Tuesday, August 30, 2011

Solar panels in Siberia? How Ukraine and Russia could lead the PV pack

Solar panels in Siberia may be an odd proposition, but decades of underinvestment makes modernising eastern Europe’s Cold War-era grid an attractive prospect for investors. But how accessible to foreign companies those markets will be is an open question.

At this summer’s Intersolar conference in San Francisco, Tomasz Slusarz from Solar PV Consulting in Brussels said that Ukraine presented a more promising outlook for outside investors than its larger neighbour Russia. Ukraine has an ambitious renewables target of 30% by 2015, triple the level in 2010, according to Reuters.

“Ukraine would like to be more independent from Russia in terms of energy supply and this also helps politicians to develop solar energy,” said Slusarz. “This is a very young market, but Ukraine has excellent conditions for PV. By 2015 they expect around 100MW of solar power and the target is around 1GW from PV.”

But politics and lack of local competencies are just two pitfalls for investors, he said.

“In Ukraine, there is a domestic company requirement and up until now there was not a lot of industry in the country so it was difficult to fulfill this. There is also no experience with the market. Even if there is a lot of expectation, experience is needed. Even when there is a good law, you need time to kick off the market.”

Slusarz also euphemistically approached the subject of good political connections in Ukraine.

“A lot of big players like Sharp are very close to the market there. Their brands are well recognized there they are trying to get good connections to develop this market. A lot of companies are now going to Ukraine to develop the opportunities. If they find good partners and understand the way to make business there the market can grow.

“The main players on the Ukrainian markets are people who have good connections with the power companies. Also in Ukraine it’s good to have good connections with the right people and very often it’s very hard to start businesses. Very often you have to find a partner in the country who has good connections and then you can start the business.”

In Russia, said Slusarz, although the potential for PV was good, cheap energy and lack of policy implementation were barriers. “Russia is the world’s biggest country -13,000km – with the biggest distance between borders. There are also a lot of areas with good insolation – but there is no market yet.”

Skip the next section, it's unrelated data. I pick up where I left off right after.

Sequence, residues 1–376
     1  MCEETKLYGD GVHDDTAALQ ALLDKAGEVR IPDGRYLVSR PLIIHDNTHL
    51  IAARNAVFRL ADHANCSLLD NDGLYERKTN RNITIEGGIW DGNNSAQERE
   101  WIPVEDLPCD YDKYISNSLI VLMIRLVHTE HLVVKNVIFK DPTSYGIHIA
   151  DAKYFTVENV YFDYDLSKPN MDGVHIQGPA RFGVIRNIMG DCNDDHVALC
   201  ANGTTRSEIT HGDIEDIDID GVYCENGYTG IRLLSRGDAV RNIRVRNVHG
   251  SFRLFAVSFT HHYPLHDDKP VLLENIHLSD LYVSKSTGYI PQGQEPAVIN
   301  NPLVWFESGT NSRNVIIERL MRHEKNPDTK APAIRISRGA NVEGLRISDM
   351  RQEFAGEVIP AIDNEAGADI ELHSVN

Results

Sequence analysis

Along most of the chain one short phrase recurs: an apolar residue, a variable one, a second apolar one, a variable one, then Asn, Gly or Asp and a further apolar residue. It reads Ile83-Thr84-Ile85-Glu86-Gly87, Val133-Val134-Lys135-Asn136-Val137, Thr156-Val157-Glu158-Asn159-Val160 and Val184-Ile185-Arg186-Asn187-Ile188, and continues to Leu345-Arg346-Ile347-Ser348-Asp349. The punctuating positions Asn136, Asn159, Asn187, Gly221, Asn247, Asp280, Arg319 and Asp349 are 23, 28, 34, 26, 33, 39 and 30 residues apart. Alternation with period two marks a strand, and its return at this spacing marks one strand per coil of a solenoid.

“A year ago I would have said that we should not expect more than 200MW by 2020. However, there is a decree of the government which sets targets - but there are not yet targets for PV. It’s very difficult to fix anything in Russia.

“In Russia, politicians act like firefighters - if there’s no problem they don’t deal with it.”

But Slusarz forecast more progress. He said: “We’ve been trying to set up an association since 2005 – this year we finally succeeded. The association is working with the government to kick off the domestic market.”

But he said that investment would come from within Russia, where the market could end up being closed to foreign investors.

However, what is really important is that Russia is investing a lot of money. Renova group is the 48% of Oerlikon is investing a lot of money in the upstream and have established a $200m fund to invest in R&D.

Besides that, the government has created a joint venture fund which is investing in the solar PV industry.

“They also realize it doesn’t make sense to compete on the foreign markets. It would also be good to create some local market for themselves to have the market for their own companies.”

Interest may be further increased with one the country’s first solar PV conferences in Moscow next year.

But the advantage of still having a such a centralized economy in such a large country are clear - when Russia decides to do something, it does it on a large enough scale to make a huge difference. But foreign investment may be frozen out as Russia has done in the fossil fuel industry and decentralizing power sources is a form of decentralising power.

Slusarz said: “Russia has big market potential but – when they deal with something they deal with it in a very serious way. But I’m not sure if it will be a closed or open market. This is the discussion which I think we will be helping with.”

“There is also a very big lobby of utilities which are connected to the government and they do not support solar PV. It’s not so good for them. If we decentralise energy sources we are decentralizing the power…”

Ukraine could be more promising but risky, said Slusarz: “Ukraine is a very promising market although very risky business as a lot of investment is related to people from the government so I expect that they will try to keep for themselves as much as they want.